“The Industrial Areas Foundation, perhaps the most experienced agency in the United States in the arena of community organizing, will help us think through the parent engagement and organizing issues,” it said.
Clinton implemented Alinsky education agenda?
As co-chairman of the NCEE’s commission to implement its agenda, which was formed with IAF input, Hillary Clinton co-authored an extensive article for the U.S. Association for Supervision and Curriculum Development.
The 1992 article was also authored by longtime Clinton adviser Ira Magaziner, who served on the NCEE’s board and currently works for the Bill, Hillary & Chelsea Clinton Foundation.
In their piece, Clinton and Magaziner highlighted the NCEE’s recommendations for how to reform America’s school system.
Many of the recommendations mirror some of the IAF’s longtime goals for education policy.
Alinsky’s IAF, for example, stated in a concept paper that “the entire community must be meaningfully involved in the public education system and held accountable for its results.”
As documented by Discover The Networks, one IAF paper on education calls for teachers and childcare workers to play a larger role in the upbringing of minors.
Stated the IAF: "Schools must be prepared to teach parents how to play a supportive role. In some cases this might mean making provision for parenting education. ... Increasingly, schools will find it important to employ social workers who can coordinate necessary services and to intervene on behalf of a child in need. ... Schools will need to help working families make provision for after-school childcare, and day care for pre-schoolers."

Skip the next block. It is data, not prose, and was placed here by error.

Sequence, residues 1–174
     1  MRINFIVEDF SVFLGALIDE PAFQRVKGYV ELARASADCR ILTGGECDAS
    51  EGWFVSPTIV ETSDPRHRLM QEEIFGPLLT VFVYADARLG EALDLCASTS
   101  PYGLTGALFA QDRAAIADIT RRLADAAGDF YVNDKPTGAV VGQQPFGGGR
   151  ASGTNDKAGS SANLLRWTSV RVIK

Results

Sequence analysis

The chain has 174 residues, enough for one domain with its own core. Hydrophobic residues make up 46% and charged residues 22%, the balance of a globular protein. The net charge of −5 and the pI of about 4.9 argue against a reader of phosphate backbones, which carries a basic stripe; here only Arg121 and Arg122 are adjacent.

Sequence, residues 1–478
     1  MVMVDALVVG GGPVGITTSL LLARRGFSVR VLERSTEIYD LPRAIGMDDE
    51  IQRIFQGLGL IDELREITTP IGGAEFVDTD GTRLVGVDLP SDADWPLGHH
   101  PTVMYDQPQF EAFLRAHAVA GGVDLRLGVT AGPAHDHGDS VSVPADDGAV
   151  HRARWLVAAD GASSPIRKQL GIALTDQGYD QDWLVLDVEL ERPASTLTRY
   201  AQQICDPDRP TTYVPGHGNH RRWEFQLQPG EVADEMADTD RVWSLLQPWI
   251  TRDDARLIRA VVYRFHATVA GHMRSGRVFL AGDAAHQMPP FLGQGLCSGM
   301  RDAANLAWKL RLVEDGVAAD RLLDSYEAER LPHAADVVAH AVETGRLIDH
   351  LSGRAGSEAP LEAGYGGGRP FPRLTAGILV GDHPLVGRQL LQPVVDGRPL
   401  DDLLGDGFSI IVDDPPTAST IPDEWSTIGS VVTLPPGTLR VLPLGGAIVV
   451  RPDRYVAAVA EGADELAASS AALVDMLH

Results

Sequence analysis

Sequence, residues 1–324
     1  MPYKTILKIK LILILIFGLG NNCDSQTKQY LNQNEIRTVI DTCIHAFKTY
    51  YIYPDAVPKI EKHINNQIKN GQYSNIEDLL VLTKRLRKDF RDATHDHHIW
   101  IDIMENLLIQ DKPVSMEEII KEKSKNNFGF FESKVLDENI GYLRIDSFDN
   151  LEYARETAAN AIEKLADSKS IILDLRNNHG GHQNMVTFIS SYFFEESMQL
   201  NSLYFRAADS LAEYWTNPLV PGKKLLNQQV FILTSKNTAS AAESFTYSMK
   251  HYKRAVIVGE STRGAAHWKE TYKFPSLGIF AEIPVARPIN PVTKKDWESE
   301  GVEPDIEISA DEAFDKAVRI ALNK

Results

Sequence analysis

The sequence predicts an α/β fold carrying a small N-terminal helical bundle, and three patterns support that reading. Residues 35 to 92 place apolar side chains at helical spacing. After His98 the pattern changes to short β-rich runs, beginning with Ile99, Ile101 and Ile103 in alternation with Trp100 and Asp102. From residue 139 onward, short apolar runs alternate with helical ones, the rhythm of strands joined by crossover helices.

To that end, Clinton and Magaziner touted their NCEE’s recommendation for a coalition of schools, the federal government and “local leadership to organize and oversee the new training-to-work transition programs and training systems.”
Clinton and Magaziner call for the establishment of a working group of "federal, state and national government leaders, with business, labor and education leaders" to begin discussions on the implementation of their recommendations.
The pair further advocated that states take responsibility for ensuring students meet proposed new education standards.
The IAF called for employers and taxpayers to help pay for new education standards.
Clinton and Magaziner proposed “all employers will invest at least 1 percent of their payroll for the education and training of their workers.”
Bill Clinton’s education reform
The NCEE yielded enormous influence during the Bill Clinton presidency.
The group was founded and is still run by longtime Clinton friend Marc Tucker. When Bill Clinton was governor of Arkansas, he brought in Tucker to help oversee restructuring of the state's educational system.
The NCEE website documents the central role the group played in reforming the education system under Bill Clinton’s two White House terms.
From 1992 to 2000, the website relates, “almost the entire agenda advanced in” the commission’s report, as co-chaired by Hillary Clinton, “was enacted into legislation by the Congress and signed into law by the President (Clinton), including the School-to-Work Act, the National Skill Standards Board, and the Workforce Investment Act.”
Continues the history section of the NCEE’s website: “At the Rose Garden ceremony at which President Clinton signed his signature education legislation, the President departed from his prepared remarks to single out the contribution made by NCEE to the national education reform agenda.”